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Proper feed, vaccinations keep baby calves healthy

Mindy Ward A calf in a livestock chute being injected with vaccinations
KICK START: A calf receives a vaccine in a livestock chute. This early protection allows for the calf to boost its immune system.
During a stressful time for calves, make sure their nutritional needs are met and their immune systems are primed.

Raising cattle since 1953, Warner farmer Larry Stroschein said he’s never too old to learn more.

“Even though our daughter and son-in-law have taken over,” he said, “I still have cows and a lot of interest in cows — cattle were my living my whole life.”

So, he tuned in to the South Dakota Farmers Union webinar, which featured Warren Rusche, South Dakota State University Extension beef feedlot management associate and Roxanne Knock, PhD. nutritionist with Dakotaland Feeds. The two discussed how to get freshly weaned calves off to a strong start.

Alleviate calf stress

“My feed salesman said to buy medicated feed and that it paid for itself,” Stroschein said. “I always wanted to know if he said this so he could sell more expensive feed, or if it was true. It turns out, according to the experts, my feed salesman was correct,”

Along with medicated feed, Rusche and Knock both emphasized the importance of a timely vaccination program and a well-balanced ration to keeping calves healthy during what is a stressful time.

“Remember, [at weaning] we are taking away their companion for their whole life up to this point,” Rusche explained. “There are things we cannot change, so we need to make sure what we can control is done right. We want to make sure nutritional needs are met early and we want a prime immune system when starting these calves.”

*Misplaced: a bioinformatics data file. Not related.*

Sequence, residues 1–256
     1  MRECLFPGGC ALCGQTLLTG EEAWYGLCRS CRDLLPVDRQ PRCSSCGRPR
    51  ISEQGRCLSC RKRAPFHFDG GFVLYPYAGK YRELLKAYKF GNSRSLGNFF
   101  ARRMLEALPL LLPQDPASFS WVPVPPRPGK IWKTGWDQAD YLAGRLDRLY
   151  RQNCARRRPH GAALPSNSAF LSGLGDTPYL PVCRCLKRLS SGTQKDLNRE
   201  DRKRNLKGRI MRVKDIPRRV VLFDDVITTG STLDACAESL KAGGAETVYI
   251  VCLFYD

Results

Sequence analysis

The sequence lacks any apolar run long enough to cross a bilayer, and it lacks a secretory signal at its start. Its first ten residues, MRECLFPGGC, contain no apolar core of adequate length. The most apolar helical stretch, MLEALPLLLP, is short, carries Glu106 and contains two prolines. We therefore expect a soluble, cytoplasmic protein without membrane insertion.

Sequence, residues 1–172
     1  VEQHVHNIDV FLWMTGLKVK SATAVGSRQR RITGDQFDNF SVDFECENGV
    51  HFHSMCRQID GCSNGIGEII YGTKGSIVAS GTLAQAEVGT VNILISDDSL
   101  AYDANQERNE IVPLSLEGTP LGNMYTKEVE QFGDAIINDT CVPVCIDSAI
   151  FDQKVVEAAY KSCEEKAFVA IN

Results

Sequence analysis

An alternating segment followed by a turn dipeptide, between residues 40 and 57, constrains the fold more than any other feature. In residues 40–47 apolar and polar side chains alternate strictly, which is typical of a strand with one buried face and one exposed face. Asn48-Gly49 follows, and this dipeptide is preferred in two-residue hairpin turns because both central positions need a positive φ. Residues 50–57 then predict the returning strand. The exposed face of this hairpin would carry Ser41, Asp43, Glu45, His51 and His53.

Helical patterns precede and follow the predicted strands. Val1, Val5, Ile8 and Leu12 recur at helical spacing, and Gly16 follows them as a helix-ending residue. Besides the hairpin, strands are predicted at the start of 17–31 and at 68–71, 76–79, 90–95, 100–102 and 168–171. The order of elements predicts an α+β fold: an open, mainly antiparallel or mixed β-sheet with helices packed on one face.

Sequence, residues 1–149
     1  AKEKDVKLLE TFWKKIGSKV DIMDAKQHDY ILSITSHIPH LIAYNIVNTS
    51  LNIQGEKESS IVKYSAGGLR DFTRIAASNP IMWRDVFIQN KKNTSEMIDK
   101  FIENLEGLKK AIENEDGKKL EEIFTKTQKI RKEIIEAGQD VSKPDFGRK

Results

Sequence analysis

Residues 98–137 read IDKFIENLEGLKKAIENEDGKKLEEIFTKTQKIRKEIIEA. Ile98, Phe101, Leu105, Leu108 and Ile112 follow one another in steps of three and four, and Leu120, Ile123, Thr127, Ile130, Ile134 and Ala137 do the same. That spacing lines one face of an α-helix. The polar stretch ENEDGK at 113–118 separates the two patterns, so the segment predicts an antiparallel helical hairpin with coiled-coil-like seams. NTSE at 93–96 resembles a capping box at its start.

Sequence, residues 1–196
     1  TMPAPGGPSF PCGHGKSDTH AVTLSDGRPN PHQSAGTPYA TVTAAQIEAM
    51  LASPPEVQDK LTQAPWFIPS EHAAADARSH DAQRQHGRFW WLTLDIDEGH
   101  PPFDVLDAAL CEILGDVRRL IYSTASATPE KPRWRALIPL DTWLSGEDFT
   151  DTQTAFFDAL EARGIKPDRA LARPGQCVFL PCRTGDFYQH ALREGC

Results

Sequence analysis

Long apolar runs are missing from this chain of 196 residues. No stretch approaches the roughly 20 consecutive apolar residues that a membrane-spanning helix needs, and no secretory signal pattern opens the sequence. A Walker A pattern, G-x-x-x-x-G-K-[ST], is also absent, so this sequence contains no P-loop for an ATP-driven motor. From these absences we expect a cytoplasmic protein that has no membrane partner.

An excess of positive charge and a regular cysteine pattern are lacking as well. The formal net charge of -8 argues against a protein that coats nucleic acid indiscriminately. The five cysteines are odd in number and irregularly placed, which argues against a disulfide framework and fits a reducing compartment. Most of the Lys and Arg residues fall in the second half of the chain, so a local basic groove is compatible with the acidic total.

To ensure a strong immune system prior to weaning, Rusche advised producers to visit with their veterinarian and make certain that calves are properly vaccinated pre-weaning. And to ensure their nutritional needs are met, he and Knock both said not to skimp on the starter diet.

“It all comes down to the cost of gain,” Knock noted. “If a calf does not gain anything, maintenance still costs something. In fact, your costs become extremely high because you have not advanced the weight or value. Take into consideration how much you want them to gain and get the right feed into the bunk right away to do this.”

On demand delivery

Rusche and Knock also discussed the nutritional needs of calves and what to consider when adding cover crops or other on-farm forages to a feed ration.

In addition to sharing research-based information, because Rusche and Knock both come from cattle backgrounds, they also shared tried and true tips for successful introduction of newly weaned caves to life off pasture and on a feed program.

“I grew up on a cattle operation and for a time, I was responsible for managing cattle health on our family’s feedlot,” Rusche said. “So, although I’m able to share the science, a lot of what I’ve learned, I’ve learned the hard way.”

Connecting South Dakota cattle producers with expert advice is among the many ways South Dakota Farmers Union works to support family farmers and ranchers, according to Doug Sombke, SDFU President and a fourth-generation Conde crop and cattle producer.

“Like Warren Rusche said, there are many things out of producers’ control these days,” Sombke said. “One thing we can all control, is continuing education. As a grassroots organization, we see connecting producers to timely information just one of many ways we can support them.”

To learn more about this topic and to watch the webinar, visit sdfu.org and click on the Media Library link under the News/Events tab.

Source: The South Dakota Farmers Union is solely responsible for the information provided and is wholly owned by the source. Informa Business Media and all its subsidiaries are not responsible for any of the content contained in this information asset.
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